July 22, 2019

Archives for July 10, 2015

Tenth Circuit: Verification Requirement for EEOC Charge Non-Jurisdictional

The Tenth Circuit Court of Appeals issued its opinion in Gad v. Kansas State University on Wednesday, May 27, 2015.

Sabreen Gad was hired by KSU in 2010 as a part-time assistant professor of geology. She subsequently requested to be promoted to a full-time professorship or promote her to membership on the graduate faculty, and when she did not receive either promotion, she filed an unverified charge with the EEOC alleging religious, sex, and national origin discrimination. The EEOC investigator mailed her a Form 5, which has a box in which to sign under penalty of perjury, satisfying the verification requirement, and also a letter instructing her to verify the charge within 30 days or the EEOC would be authorized to dismiss the charge. The investigator also mailed a letter to KSU that Gad had filed an “unperfected” charge of discrimination, and advising that no action was required by KSU. Later, the investigator spoke to Gad again and advised her that further investigation would be unlikely to result in a violation and the EEOC would issue her a dismissal and right-to-sue notice. The notice was mailed to Gad and copied to KSU after the conversation.

Gad sued KSU in federal court. KSU’s answer stated that Gad had failed to exhaust her administrative remedies but did not mention the unverified charge. KSU then moved for summary judgment, arguing the court lacked jurisdiction because Gad had failed to exhaust administrative remedies by not verifying her EEOC charge. The district court agreed, finding exhaustion of administrative remedies is a jurisdictional prerequisite to suit. Gad appealed.

The Tenth Circuit first discussed whether Title VII’s verification requirement was a prerequisite to its subject matter jurisdiction. Although Title VII specifically confers jurisdiction as a general matter, it also requires claimants to submit a “charge” to the EEOC, which must be in writing and must be signed and verified. The Tenth Circuit noted that it is not clear whether the verification requirement is a jurisdictional prerequisite to a Title VII suit. The Tenth Circuit analyzed Supreme Court cases and its own precedent and concluded (1) the language discussing Title VII jurisdiction was not located in the same statute as the verification requirement, tending to show the verification requirement was non-jurisdictional; (2) courts should be careful in interpreting procedural rules to deprive non-lawyers of rights in proceedings they initiate; (3) verification protects employers from the burden of responding to frivolous claims or claims of which they had no notice; and (4) failure to verify will not necessarily render a document fatally defective.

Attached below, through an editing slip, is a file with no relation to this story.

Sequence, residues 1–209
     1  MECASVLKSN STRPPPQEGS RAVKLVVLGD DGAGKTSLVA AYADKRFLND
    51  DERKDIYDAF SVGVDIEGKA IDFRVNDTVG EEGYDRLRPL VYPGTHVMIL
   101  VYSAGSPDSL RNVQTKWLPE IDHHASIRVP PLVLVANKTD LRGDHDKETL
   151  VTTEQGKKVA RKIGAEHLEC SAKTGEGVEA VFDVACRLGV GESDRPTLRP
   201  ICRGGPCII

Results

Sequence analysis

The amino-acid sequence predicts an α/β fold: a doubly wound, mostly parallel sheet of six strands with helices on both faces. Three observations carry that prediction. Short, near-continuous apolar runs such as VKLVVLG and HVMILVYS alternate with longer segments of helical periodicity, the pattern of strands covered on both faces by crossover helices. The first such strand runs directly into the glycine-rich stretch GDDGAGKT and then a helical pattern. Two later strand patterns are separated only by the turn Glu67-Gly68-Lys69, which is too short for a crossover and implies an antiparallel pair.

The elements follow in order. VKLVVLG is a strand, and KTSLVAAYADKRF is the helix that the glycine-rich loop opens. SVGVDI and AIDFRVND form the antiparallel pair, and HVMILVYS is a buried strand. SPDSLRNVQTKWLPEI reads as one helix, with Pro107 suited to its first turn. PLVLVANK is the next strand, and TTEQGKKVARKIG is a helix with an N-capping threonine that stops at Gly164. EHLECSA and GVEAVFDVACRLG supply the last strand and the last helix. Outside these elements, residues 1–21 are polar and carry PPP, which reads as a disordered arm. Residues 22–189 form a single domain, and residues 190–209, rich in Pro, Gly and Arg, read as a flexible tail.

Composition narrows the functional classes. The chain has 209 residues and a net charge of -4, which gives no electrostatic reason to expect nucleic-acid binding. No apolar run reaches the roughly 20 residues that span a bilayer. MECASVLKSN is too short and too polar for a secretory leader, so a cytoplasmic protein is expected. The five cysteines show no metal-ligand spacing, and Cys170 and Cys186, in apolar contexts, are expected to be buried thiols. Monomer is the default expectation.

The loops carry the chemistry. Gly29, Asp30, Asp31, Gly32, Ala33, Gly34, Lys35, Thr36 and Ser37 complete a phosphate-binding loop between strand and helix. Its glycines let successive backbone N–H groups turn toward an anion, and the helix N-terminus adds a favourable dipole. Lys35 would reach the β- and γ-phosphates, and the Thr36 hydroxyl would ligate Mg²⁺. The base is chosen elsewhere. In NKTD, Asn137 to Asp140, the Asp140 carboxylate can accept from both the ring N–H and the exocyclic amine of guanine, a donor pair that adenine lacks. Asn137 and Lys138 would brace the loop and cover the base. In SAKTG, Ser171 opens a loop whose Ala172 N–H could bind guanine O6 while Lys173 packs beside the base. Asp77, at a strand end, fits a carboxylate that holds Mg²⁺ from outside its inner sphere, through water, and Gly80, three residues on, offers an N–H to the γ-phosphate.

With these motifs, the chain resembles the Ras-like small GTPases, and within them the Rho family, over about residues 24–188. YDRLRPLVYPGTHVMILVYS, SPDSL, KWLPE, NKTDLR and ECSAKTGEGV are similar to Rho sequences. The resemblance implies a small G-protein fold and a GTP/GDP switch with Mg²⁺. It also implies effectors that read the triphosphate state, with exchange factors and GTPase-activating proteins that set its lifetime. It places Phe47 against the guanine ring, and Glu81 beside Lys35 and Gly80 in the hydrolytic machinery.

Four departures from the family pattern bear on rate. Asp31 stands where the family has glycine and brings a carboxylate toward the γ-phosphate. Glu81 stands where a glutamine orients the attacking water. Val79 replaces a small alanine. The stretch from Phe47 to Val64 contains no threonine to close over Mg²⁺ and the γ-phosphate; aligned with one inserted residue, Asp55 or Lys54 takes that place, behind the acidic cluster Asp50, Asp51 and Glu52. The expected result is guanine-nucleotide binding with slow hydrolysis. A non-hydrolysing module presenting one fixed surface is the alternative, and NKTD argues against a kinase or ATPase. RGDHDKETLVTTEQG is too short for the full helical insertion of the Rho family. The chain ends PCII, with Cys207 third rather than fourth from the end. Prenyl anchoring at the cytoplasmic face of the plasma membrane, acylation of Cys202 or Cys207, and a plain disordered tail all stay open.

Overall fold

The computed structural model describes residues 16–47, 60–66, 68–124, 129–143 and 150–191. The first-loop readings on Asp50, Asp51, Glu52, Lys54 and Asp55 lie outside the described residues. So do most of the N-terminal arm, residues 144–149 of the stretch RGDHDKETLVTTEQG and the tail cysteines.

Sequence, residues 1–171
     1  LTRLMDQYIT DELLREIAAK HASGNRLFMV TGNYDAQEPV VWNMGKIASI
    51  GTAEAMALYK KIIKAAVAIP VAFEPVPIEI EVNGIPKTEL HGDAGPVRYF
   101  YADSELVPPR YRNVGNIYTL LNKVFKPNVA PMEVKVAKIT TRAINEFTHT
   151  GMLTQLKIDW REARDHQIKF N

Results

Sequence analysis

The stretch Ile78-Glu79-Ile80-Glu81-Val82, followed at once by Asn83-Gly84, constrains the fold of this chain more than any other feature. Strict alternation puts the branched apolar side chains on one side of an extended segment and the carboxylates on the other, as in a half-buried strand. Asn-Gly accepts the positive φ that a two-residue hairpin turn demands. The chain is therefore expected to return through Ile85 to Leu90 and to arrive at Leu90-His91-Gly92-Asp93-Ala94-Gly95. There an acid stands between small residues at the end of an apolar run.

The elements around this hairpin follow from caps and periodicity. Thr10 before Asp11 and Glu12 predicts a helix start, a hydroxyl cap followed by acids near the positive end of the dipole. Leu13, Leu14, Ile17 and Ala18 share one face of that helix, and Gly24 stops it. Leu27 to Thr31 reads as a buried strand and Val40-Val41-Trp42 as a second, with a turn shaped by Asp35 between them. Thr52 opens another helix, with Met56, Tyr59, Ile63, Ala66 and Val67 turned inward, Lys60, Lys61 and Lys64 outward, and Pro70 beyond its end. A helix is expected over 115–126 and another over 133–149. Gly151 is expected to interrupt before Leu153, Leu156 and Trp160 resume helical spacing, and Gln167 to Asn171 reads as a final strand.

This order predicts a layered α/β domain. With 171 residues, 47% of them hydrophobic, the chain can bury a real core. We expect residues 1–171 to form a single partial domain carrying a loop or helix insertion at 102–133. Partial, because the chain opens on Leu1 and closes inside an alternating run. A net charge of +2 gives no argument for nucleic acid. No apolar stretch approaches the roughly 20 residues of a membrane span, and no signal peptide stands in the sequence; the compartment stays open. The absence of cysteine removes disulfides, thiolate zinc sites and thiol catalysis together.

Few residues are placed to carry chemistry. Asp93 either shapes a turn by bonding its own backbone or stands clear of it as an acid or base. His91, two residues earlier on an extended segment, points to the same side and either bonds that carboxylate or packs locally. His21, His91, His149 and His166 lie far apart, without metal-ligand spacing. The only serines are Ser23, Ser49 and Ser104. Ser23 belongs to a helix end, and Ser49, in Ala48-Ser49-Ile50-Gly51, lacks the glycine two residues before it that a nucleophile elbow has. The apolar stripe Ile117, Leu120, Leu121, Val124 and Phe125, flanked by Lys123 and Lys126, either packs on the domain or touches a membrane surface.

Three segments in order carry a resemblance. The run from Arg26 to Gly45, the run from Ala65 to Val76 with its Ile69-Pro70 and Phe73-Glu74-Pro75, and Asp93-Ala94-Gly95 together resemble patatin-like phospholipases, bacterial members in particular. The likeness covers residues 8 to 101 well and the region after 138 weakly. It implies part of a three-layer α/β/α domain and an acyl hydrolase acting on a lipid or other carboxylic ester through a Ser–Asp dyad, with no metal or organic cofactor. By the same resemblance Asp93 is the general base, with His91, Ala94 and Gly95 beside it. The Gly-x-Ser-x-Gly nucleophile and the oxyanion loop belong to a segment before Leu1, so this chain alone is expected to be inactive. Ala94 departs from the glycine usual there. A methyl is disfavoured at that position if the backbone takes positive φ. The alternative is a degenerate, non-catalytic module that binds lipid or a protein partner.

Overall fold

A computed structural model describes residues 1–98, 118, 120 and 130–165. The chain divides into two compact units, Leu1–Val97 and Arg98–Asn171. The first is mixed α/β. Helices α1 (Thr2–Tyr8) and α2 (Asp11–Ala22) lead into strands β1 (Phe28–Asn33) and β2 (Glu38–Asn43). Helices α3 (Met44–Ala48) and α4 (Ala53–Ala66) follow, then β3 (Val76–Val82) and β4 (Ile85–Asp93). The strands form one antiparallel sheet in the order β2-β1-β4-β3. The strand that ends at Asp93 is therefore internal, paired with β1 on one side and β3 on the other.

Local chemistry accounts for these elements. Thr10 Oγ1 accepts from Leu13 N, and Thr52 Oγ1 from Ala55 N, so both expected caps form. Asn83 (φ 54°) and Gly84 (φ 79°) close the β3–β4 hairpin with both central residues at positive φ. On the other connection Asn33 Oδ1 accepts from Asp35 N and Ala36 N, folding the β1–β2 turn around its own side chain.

Applying the four principles to the verification requirement, the Tenth Circuit determined it was non-jurisdictional, but noted “[h]olding verification non-jurisdictional does not imply any diminution in the need for plaintiffs to comply with this Title VII requirement.” The Circuit held that an employer may still achieve dismissal based on a verification defect, and found that verification is a condition precedent to suit. The verification requirement is integrated into a statutory section delineating steps a plaintiff must satisfy before receiving leave to sue. Although Gad argued only the EEOC waived the requirement, not KSU, the Circuit held the requirement cannot be waived unilaterally, but non-compliance may be excused in some cases.

The Tenth Circuit reversed the district court’s grant of summary judgment and remanded for further proceedings.

Tenth Circuit: Exclusionary Rule Should Not Apply When Officer’s Reasonable Belief Mistaken

The Tenth Circuit Court of Appeals issued its opinion in United States v. Esquivel-Rios on Wednesday, March 27, 2015.